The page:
Delsartean hypnosis for girls' bodies and minds: Annie Payson Call and the Lasell Seminary nerve training controversy

Hist Psychol. 2012 May;15(2):124-44. doi: 10.1037/a0023682.


In the summer of 1890, news that two students at Lasell Seminary for Young Women in Auburndale, MA had suffered a complete nervous collapse as a result of being hypnotized by an instructor in a nerve training class caused a brief but sharp national sensation regarding hypnotism and nerve training in girls' education. The instructor, Annie Payson Call, denied practicing hypnotism, and the seminary's principal defended both Call and the "mind concentration" course she taught at Lasell. Call's approach to nerve training blended Delsartean relaxation exercises, New Thought psychology, and self-hypnotic techniques into a therapeutic regimen which can be termed "Delsartean hypnosis." Developed further in her 1891 popular self-help handbook, Power Through Repose, Call's variety of Delsartean hypnosis was incorporated into the procedures of proponents of suggestive therapeutics, and it served as a model for subsequent relaxation training programs in the early- and mid-20th century.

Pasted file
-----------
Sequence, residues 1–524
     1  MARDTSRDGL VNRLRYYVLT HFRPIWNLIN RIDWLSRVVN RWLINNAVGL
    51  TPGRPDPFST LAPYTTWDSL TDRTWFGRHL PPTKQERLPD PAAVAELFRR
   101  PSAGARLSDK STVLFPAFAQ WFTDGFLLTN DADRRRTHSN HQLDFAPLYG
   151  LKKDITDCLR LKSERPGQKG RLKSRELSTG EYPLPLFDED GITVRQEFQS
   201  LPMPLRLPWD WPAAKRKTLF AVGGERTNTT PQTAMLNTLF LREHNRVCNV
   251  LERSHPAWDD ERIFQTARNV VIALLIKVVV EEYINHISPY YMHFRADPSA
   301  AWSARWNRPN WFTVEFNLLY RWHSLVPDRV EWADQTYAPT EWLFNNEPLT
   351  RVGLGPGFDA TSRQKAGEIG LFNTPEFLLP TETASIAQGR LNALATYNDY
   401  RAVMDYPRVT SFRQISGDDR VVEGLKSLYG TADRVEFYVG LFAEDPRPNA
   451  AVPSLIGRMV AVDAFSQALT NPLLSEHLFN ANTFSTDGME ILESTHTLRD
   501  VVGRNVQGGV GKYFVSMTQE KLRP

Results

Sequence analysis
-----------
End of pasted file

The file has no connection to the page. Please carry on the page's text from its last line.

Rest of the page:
Publication types

  • Biography
  • Historical Article

MeSH terms

  • Female
  • History, 19th Century
  • Humans
  • Hypnosis / history*
  • Hypnosis / methods
  • Relaxation Therapy / education
  • Relaxation Therapy / history*
  • United States

Personal name as subject

  • Annie Payson Call